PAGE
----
270 IV. Ancient Rome. ROME. S. Giovanni in Laterano.
end of the choir passage is a handsome marble sanctuarium (PL 12), dating
from about 1500; near it the Tabula Magna Lateranensis, or list of relics.
Aisles. At the back of the first pillar on the right in the nave (PL 13),
Boniface VIII. between two cardinals proclaiming the first jubilee (1300),
by Giotto. On the Right: The 2nd chapel (PL 14) belongs to the Torlonia
family, and is richly decorated with marble and gilding; over the altar,
Descent from the Cross, a marble relief by Tenerani (a custodian opens this
and other chapels, '/'.! fr.). The 3rd chapel (PL 15), belonging to the Massimi,
constructed by Giac. della Porta, contains the Crucifixion, an altar-piece by
Sermonela. Farther on in the right aisle, the monument (PI. 16) of Card.
Ouissano (d. 1287). — On the Left : The 1st chapel, that of S. Andrea Corsini
(PL 17), designed by Galilei in 1734, contains ancient columns and a large
vessel of porphyry from the portico of the Pantheon, in front of the bronze
figure of Clement XII. (Corsini, d. 1740); the walls sumptuously inlaid
with precious stones. Below the chapel is the burial-vault of the Corsini,
with a :,Pieta by Bernini (?). During the excavation of the latter were
found the antiques now in the Pal. Corsini.
The sacristan conducts visitors to the left from the last chapel
(PL 18) into the interesting* Court of the Monastery, of the 13th cent.,
with numerous small spiral and inlaid columns. Various fragments
from the old church are placed in the passages. The monastery was
founded at the end of the 6th cent, hy Benedictines from Mte.
The Portico of the right transept, opening on the Piazza S.
Giovanni in Laterano, was erected by Sixtus V., the founder of the
palace (see below), while the small campanili, standing far apart,
were built by Pius IV. The corridor below to the right (PL 19),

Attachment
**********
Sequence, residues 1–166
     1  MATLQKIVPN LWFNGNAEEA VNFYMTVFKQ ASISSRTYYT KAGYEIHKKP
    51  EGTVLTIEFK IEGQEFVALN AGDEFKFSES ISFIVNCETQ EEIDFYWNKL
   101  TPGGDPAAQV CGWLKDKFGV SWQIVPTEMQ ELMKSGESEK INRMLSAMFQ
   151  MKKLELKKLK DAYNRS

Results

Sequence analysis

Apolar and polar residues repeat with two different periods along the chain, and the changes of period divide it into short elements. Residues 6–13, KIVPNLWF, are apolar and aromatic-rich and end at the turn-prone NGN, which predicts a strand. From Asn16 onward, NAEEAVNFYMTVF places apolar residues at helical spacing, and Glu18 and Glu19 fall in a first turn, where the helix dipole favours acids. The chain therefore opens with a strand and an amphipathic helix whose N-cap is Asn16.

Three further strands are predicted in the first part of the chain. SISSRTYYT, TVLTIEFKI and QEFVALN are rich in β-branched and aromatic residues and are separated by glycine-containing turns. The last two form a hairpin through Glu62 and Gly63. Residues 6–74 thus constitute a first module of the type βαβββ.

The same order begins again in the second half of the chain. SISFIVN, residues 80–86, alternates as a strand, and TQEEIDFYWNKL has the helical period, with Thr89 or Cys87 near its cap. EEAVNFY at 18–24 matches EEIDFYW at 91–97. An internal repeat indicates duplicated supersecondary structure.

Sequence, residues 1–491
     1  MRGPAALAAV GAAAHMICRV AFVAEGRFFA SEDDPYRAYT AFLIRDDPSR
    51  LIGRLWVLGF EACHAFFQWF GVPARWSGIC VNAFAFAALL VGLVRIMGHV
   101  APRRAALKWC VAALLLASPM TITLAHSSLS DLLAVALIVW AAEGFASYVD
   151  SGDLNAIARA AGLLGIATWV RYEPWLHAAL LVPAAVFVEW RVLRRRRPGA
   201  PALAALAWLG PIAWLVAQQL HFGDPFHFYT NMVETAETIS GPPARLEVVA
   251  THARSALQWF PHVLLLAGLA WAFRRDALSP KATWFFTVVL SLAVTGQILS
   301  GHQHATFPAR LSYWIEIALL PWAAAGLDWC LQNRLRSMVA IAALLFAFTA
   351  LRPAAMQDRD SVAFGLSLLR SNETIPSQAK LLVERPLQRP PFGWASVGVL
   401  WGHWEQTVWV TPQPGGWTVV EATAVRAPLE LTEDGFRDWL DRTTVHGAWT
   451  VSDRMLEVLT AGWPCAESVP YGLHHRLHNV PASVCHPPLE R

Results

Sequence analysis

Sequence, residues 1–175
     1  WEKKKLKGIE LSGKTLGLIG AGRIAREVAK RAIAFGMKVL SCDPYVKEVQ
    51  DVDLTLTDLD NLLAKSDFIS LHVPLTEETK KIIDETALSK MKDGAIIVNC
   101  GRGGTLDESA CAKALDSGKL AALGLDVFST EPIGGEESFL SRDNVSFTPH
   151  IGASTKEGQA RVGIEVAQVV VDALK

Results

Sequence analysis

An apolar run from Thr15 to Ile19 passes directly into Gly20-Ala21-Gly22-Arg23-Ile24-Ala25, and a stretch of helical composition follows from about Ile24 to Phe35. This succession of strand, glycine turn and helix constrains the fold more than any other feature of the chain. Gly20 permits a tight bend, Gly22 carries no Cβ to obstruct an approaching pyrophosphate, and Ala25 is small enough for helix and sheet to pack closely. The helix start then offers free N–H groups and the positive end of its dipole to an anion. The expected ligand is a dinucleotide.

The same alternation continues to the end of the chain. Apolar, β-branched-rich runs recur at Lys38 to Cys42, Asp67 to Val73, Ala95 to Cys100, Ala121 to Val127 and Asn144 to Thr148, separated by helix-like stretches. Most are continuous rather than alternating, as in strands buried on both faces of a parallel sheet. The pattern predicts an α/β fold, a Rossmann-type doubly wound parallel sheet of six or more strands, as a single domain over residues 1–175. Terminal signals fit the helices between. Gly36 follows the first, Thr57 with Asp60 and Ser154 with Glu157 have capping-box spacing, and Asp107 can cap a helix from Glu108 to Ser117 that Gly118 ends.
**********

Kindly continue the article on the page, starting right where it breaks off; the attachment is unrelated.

contains a bronze statue of Henri IV. of France, by Nic. Cordieri.
In the S.W. angle of the Piazza S. Giovanni in Laterano is
situated the octagonal * Baptistery, II Battistero, or S. Giovanni in
Fonte (Plan of Rome, II, 30), where according to a Roman tradition,
Constantine the Great was baptised by Pope Silvester in 324 (the
fact, however, being that his baptism did not take place till 337,
shortly before his death). Sixtus III. (d. 440) is regarded as the
founder of the chapel. This was long the only baptistery at Rome,
and afforded a model for all later buildings of the kind. In 461
Pope Hilarius added to the baptistery the Oratories of St. John and
John the Baptist on the E. and W. sides respectively, and about
the year 640 John IV. added the Oratory of S. Venanzio, adjoining
that of St. John. LeoX. roofed the baptistery with lead, and his
successors decorated and modernised it.
The Baptistery has two Entrances , one from the piazza, and one
from the court, which we reach on the left on leaving the right transept of
S. Oiovanni in Laterano. The latter entrance to the Baptistery is embel¬
lished with two ancient columns of porphyry with their architrave, built
into the wall here by Sixtus III.; and by it the portico, mentioned below,
is first entered.
From the piazza we at once enter the precincts of the Baptistery
itself. It is divided into a central space and surrounding passage by eight
large columns of porphyry with an antique arebitrave in marble, which
are said to have been presented by Constantine. In the centre is the font
in green basalt. The frescoes are hy A. Sacchi, Maratta, and others. —
Adjarent, to the right, is (he Oratory of John the Baptist, containing
a statue of the saint in bronze by L. Vuladier, executed in 1772 (after
Donatello), and placed between two columns of serpentine. The bronze